- Chiefly British. raise(defs 33–35).
- an increase in degree or intensity, as of temperature.
- an increase in loudness or in pitch, as of the voice.
- Architecture, Building Trades.
- the measured height of any of various things, as a roof, a flight of steps, a stair step, or the crown of a road.
- the measured height of an arch from the springing line to the highest point of the intrados.
- the vertical distance through which the floor of an elevator or the like passes.
- origin, source, or beginning: the rise of a stream in a mountain.
- a coming into existence or notice: the rise of a new talent.
- extension upward.
- the amount of such extension.
- upward slope, as of ground or a road.
- a piece of rising or high ground: a house built upon a gentle rise.
- the distance between the crotch and the waist of a pair of trousers: Pants with a high rise are now in style.
- Angling. the coming up of a fish toward the surface in pursuit of food or bait.
- rise above, to ignore or be indifferent to, as an insult.
- get a rise out of, Informal.
- to provoke, as to action or anger.
- to evoke the expected or desired response from.
- give rise to, to originate; produce; cause: The Industrial Revolution gave rise to accelerated urbanization.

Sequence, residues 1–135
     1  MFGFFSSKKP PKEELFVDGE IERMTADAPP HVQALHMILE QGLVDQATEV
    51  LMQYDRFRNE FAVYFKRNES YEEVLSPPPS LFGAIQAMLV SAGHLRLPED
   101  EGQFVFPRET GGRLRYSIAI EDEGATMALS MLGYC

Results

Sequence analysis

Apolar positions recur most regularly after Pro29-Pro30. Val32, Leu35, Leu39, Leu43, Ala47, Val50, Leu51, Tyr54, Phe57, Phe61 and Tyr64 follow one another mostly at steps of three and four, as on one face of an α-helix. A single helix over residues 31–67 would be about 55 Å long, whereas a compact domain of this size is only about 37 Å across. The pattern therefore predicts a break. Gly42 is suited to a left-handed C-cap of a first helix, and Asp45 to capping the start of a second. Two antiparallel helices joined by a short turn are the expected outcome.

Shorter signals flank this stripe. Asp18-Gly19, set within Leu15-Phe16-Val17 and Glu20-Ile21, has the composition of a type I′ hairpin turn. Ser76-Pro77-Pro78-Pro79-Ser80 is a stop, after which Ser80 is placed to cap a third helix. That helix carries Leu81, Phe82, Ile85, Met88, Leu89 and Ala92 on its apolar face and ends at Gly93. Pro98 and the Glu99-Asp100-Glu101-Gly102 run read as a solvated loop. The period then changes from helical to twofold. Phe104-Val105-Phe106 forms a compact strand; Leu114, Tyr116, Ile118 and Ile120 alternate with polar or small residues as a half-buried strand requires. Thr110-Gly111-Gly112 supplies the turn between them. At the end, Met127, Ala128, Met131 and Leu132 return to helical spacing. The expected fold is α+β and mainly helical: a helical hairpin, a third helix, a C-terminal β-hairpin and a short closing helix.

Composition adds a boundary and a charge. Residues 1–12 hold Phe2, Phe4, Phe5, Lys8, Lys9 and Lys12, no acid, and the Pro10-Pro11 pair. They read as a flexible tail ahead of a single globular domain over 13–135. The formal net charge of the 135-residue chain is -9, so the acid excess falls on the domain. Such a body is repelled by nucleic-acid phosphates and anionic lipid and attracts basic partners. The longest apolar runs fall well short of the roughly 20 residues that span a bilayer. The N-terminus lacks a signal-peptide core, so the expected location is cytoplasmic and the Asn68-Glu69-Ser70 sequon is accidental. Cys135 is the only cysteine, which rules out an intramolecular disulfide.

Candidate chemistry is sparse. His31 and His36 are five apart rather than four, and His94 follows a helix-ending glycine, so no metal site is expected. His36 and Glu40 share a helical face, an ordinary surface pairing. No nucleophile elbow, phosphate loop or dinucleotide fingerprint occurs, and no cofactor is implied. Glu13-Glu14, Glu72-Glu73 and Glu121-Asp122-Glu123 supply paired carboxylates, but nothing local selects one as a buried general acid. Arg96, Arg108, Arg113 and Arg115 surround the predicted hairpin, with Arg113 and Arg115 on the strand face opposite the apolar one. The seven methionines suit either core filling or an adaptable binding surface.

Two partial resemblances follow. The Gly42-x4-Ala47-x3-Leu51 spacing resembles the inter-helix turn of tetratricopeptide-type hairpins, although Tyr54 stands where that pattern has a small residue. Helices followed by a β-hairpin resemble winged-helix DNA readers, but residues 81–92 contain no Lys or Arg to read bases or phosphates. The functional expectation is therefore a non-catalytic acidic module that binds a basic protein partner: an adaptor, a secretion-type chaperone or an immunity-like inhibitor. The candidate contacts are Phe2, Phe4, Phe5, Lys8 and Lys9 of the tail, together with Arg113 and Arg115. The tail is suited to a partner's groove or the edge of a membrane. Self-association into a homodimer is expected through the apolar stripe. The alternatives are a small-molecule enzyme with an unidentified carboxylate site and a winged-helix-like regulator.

Origin of rise
SynonymsSee more synonyms on Thesaurus.com
Examples from the Web for rising
Since then, the rising gap between the rich and middle- and lower-income families has risen to the fore.Christie Blames Parents for Bad Economy
January 3, 2015
Launched just 13 years ago, it quickly became a serious rival to MAS and a rising juggernaut in Asia.The Presumed Crash of AirAsia Flight QZ8501 Is Nothing Like MH370
December 29, 2014
Rising up from scooping bay, the steep topography—hemmed by hills of evergreens—promises panoramas at practically every turn.Next Stop, Quito: Our Top Cities for 2015
December 19, 2014
Since rising to power over the past five years, Boko Haram has killed more than 6,000 Nigerians.The New Face of Boko Haram’s Terror: Teen Girls
December 13, 2014
No law or even revolution in police tactics can fully curb the rising expectations that come with a wired world.Dear GOP: Fix the Damn Justice System!
December 7, 2014
"I'll put on the teakettle at once, Robert," said his mother, rising.Brave and Bold
We are much in want of rain, and thought we should have had some, but the barometer is rising this evening.Explorations in Australia
But every eye was upon me, and the Church was silent as death, waiting for my rising.
But he must see that the boy was safe in bed, and rising he left the room.Weighed and Wanting
We see the same idea also in the rising and setting sun and moon.
- an insurrection or rebellion; revolt
- the yeast or leaven used to make dough rise in baking
- increasing in rank, status, or reputationa rising young politician
- increasing in maturity; growing up to adulthoodthe rising generation
- informal approaching the age of; nearlyshe's rising 40
- to get up from a lying, sitting, kneeling, or prone position
- to get out of bed, esp to begin one's dayhe always rises early
- to move from a lower to a higher position or place; ascend
- to ascend or appear above the horizonthe sun is rising
- to increase in height or levelthe water rose above the normal level